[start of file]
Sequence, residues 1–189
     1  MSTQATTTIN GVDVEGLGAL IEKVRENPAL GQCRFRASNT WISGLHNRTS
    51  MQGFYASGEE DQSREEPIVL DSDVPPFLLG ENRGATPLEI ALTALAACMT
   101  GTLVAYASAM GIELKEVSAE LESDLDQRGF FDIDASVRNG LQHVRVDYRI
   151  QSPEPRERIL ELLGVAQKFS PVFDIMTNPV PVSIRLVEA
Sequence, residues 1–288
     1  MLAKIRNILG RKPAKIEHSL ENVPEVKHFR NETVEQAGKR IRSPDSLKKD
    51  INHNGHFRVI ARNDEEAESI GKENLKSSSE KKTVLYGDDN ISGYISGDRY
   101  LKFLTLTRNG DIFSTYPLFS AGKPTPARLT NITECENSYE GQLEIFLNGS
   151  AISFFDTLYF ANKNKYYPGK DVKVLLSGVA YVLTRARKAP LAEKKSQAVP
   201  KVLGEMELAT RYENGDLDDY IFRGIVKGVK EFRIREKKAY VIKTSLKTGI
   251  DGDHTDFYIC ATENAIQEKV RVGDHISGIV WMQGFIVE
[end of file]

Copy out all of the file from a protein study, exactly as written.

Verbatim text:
Sequence, residues 1–189
     1  MSTQATTTIN GVDVEGLGAL IEKVRENPAL GQCRFRASNT WISGLHNRTS
    51  MQGFYASGEE DQSREEPIVL DSDVPPFLLG ENRGATPLEI ALTALAACMT
   101  GTLVAYASAM GIELKEVSAE LESDLDQRGF FDIDASVRNG LQHVRVDYRI
   151  QSPEPRERIL ELLGVAQKFS PVFDIMTNPV PVSIRLVEA
Sequence, residues 1–288
     1  MLAKIRNILG RKPAKIEHSL ENVPEVKHFR NETVEQAGKR IRSPDSLKKD
    51  INHNGHFRVI ARNDEEAESI GKENLKSSSE KKTVLYGDDN ISGYISGDRY
   101  LKFLTLTRNG DIFSTYPLFS AGKPTPARLT NITECENSYE GQLEIFLNGS
   151  AISFFDTLYF ANKNKYYPGK DVKVLLSGVA YVLTRARKAP LAEKKSQAVP
   201  KVLGEMELAT RYENGDLDDY IFRGIVKGVK EFRIREKKAY VIKTSLKTGI
   251  DGDHTDFYIC ATENAIQEKV RVGDHISGIV WMQGFIVE